Monday, March 5, 2018

Want to Learn New Testament Greek?

            There are many free resources available online for people who wish to gain the ability to read the New Testament in the language in which it was written.  Here are some resources that should be considered by those who want to learn (or re-learn) how to read the Greek New Testament.

(1)  Dr. Bill Mounce offers many resources for learning New Testament Greek.  These range from Kids’ Greek to a 35-part introductory course.

(2)  Daily Dose of Greek, overseen by Dr. Rob Plummer of Southern Seminary (Louisville Kentucky), offers a 26-part course of videos about New Testament Greek, plus additional videos on related subjects. 

(3)  LearnGreekFree is a 13-part video-course taught by D. Eric Williams.

Dr. Ted Hildebrandt
of Gordon College.
(4)  Mastering New Testament Greek with Ted Hildebrandt offers 28 introductory lessons, supplemented by PowerPoint presentations, audio files, and more.   
   
(5)  Morling College (in Sydney, Australia) offers a free online course in New Testament Greek. 

(6)  Rick Aschmann’s Greek Charts – all 56 pages of them! – illustrating Greek vocabulary, grammar, etc., are very informative. 

(7)  The late Rod Decker (founder of the NT Resources website) prepared a simple list of Greek words every student should learn.  The first 28 pages of his book Reading Koine Greek are also available online.

(8) The Online Greek Bible makes available several compilations – not only the Nestle-Aland text but also the Textus Receptus, the compilations of Tischendorf and Westcott & Hort, and the Robinson-Pierpont Byzantine Textform.  The Byzantine Textform is also available in print in a special edition for beginning readers.

(9)  Learn Koine Greek consists of a series of 43 lessons with audio files, compiled by Roy Davison.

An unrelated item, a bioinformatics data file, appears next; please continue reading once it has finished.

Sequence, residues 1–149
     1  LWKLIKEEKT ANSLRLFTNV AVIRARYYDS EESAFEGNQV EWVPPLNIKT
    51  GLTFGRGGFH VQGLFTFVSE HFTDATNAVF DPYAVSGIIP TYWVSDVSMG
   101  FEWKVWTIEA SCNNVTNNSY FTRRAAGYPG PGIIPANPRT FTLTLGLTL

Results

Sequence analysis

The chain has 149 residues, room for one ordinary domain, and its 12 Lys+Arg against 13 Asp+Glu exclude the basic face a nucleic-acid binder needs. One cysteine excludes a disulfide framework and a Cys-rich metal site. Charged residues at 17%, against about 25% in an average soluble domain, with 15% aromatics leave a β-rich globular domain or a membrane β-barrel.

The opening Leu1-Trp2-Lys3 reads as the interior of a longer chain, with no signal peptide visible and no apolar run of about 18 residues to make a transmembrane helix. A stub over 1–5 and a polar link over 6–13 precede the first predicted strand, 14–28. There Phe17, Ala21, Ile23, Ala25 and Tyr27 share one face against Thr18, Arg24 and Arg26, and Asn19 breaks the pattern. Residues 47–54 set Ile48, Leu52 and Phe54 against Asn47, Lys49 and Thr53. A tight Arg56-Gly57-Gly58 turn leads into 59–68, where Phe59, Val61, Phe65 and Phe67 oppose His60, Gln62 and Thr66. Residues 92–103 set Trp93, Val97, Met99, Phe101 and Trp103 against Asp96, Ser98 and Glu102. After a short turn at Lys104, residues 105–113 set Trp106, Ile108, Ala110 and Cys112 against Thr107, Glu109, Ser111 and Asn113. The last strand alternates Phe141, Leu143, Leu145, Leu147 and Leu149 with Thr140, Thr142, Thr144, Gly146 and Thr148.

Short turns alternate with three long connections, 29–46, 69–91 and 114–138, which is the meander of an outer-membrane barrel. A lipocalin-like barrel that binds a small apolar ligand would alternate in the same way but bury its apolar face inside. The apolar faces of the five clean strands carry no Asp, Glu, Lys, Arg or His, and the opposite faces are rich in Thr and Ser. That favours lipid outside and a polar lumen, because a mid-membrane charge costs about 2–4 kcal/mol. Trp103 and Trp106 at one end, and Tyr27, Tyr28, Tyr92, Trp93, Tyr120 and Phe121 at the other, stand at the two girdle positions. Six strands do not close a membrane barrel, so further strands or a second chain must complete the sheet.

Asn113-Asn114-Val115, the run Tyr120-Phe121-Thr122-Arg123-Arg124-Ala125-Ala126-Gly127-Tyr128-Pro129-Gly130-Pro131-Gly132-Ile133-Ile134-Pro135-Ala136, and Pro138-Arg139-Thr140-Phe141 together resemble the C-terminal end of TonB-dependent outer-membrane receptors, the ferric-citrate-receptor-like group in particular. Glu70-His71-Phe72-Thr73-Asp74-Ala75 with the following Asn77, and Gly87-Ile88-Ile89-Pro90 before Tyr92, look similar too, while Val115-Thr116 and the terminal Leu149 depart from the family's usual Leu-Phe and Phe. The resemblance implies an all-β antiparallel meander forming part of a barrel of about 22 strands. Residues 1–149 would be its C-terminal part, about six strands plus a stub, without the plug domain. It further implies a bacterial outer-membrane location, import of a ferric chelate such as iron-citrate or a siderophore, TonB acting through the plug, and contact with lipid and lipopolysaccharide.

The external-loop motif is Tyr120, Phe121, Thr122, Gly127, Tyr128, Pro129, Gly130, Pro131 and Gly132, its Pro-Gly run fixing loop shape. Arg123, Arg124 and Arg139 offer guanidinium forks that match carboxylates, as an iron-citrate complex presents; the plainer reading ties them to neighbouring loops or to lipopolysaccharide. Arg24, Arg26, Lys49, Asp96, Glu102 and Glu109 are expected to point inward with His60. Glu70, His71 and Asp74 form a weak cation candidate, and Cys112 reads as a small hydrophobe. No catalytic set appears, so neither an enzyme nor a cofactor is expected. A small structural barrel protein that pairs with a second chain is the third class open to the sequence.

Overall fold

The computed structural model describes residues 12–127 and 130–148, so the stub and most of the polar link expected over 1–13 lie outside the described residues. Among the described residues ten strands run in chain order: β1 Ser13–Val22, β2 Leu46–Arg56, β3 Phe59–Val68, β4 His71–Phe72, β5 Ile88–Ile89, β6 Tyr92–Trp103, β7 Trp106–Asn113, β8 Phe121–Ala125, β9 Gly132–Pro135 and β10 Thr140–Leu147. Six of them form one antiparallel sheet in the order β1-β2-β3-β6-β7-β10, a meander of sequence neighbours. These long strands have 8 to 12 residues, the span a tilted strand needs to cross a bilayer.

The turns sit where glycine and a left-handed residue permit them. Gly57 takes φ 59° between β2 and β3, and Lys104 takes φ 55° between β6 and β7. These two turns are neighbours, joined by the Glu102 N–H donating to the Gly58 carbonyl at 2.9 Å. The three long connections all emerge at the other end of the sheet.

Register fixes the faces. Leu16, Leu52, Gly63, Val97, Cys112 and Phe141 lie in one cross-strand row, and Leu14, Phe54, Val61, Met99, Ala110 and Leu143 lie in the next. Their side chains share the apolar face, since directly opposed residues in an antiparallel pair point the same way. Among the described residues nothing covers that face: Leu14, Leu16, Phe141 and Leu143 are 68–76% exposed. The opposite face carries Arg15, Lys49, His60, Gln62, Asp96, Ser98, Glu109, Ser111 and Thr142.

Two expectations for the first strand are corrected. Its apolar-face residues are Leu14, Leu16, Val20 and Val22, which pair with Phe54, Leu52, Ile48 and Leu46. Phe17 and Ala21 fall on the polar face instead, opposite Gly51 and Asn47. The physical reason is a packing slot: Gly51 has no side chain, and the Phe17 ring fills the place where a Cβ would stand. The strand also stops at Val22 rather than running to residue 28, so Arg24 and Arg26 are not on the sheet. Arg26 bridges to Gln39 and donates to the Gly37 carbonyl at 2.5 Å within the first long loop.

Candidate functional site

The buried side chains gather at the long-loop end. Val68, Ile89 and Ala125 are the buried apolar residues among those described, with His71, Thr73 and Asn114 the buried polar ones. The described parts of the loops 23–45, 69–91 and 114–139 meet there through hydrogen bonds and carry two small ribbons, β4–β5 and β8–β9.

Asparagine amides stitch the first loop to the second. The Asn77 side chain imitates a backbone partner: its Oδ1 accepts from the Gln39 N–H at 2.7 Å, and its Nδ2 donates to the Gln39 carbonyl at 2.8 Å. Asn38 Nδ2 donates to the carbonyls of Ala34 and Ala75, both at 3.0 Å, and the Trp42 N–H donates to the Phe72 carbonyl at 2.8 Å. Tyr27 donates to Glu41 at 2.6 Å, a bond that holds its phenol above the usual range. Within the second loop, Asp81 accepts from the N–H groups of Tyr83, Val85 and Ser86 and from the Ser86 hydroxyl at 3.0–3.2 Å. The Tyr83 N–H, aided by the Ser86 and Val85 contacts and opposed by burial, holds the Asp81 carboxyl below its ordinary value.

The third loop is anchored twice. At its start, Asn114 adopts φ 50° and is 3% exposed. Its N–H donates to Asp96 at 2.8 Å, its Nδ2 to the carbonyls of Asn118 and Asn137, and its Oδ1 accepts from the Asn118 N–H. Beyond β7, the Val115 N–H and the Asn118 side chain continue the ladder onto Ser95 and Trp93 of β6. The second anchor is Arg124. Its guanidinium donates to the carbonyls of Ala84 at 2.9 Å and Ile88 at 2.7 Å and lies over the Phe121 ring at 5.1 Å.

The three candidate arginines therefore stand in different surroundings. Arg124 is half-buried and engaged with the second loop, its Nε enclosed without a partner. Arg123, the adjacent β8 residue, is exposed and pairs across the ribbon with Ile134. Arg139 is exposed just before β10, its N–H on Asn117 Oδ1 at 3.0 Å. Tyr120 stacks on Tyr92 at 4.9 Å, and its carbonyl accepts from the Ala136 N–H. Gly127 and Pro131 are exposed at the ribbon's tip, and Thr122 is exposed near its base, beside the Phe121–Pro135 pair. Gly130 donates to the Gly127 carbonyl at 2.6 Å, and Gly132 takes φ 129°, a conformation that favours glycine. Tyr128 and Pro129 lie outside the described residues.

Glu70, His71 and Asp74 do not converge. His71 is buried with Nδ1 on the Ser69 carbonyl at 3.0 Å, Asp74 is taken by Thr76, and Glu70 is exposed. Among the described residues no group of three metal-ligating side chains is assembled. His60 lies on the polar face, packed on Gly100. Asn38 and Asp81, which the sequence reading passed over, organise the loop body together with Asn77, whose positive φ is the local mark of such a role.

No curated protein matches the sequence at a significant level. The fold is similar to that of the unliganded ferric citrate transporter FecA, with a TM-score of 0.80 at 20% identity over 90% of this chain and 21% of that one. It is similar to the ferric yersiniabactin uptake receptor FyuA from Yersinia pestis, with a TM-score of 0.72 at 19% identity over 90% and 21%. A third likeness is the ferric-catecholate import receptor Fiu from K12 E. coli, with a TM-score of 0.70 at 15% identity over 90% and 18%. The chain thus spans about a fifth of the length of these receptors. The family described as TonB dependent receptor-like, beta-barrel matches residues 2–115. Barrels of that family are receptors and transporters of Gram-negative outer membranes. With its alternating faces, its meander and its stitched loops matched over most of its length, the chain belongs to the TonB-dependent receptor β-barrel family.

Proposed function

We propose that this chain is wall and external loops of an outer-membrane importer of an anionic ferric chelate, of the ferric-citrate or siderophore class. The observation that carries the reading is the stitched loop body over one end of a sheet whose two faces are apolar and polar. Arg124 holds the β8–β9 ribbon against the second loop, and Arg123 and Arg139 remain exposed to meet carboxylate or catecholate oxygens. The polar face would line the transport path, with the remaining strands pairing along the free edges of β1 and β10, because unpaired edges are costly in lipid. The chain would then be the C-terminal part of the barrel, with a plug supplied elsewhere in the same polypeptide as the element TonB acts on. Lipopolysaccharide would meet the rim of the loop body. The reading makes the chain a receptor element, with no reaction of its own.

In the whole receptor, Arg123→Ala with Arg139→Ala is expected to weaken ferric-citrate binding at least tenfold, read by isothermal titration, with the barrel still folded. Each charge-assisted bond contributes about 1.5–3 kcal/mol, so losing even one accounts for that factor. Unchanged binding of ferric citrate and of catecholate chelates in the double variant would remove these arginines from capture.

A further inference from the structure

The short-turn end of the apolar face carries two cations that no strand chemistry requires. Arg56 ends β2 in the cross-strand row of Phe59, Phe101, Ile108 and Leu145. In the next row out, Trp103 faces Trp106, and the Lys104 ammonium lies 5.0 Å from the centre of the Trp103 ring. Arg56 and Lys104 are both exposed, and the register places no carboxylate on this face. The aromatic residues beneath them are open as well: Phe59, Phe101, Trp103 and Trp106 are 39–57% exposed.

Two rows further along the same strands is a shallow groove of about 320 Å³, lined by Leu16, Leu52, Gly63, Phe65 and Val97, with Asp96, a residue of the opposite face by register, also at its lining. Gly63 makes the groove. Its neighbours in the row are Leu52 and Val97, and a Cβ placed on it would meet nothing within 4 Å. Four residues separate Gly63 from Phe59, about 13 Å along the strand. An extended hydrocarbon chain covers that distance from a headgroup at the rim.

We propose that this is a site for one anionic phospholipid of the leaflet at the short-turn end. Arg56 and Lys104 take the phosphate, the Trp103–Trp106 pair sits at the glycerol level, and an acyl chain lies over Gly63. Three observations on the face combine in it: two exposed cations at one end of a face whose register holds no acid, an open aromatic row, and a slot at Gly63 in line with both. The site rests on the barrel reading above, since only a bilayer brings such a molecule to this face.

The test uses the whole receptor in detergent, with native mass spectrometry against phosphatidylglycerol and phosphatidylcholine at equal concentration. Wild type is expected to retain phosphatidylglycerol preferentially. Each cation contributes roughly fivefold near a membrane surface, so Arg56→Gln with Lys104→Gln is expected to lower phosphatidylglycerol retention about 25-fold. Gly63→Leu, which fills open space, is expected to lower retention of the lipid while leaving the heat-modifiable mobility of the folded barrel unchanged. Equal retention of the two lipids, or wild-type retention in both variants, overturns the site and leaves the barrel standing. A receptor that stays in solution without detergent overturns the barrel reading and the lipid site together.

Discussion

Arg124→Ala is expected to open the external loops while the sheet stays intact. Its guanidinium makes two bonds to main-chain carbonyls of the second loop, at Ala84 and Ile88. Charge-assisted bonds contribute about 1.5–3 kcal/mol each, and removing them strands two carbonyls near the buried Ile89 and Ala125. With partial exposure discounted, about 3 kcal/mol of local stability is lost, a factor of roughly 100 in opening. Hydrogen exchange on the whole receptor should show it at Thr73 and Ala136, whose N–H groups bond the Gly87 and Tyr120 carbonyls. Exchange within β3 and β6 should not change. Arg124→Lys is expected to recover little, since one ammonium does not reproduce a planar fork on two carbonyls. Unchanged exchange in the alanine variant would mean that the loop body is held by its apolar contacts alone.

(10)  LaParola offers multiple editions of the Greek New Testament (including the Byzantine Textform), and has some useful search-features.


(11)  H. P. V. Nunn’s Elements of New Testament Greek, published in 1914, remains an excellent introduction.  An answer-key to the exercises in Nunn’s primer is also available. 

(12)  Harold Greenlee’s A Concise Exegetical Grammar of New Testament Greek is available as a free download from Asbury Seminary’s website.

(13)  J. Gresham Machen’s New Testament Greek for Beginners, published in 1923, is still a very useful textbook.  It is among the resources made available by the International College of the Bible.

(14) Alexander Souter’s A Pocket Lexicon to the Greek New Testament, published in 1917, is very handy.  Souter, a textual critic, included some terms that are found in textual variants in the Western Text. 

2 comments:

A J MacDonald Jr said...

Dobson's book is very good. I used it (along with the audio) to learn NT Greek over twenty years ago: Learn New Testament Greek https://www.amazon.com/Learn-Testament-Greek-John-Dobson/dp/0801017262

James Snapp said...

Readers may also profit from the materials at
http://newtestamentgreekportal.blogspot.com/p/dave-blacks-greek-tools.html